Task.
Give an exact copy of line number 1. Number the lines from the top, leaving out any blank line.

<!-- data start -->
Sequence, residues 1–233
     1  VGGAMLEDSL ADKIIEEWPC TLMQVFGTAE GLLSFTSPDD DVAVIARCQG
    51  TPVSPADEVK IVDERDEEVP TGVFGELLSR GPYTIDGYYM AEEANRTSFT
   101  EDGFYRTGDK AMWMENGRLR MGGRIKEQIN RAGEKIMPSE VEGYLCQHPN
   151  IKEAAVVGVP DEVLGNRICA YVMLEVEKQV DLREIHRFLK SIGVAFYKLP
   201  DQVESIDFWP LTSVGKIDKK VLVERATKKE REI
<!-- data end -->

Sequence, residues 1–233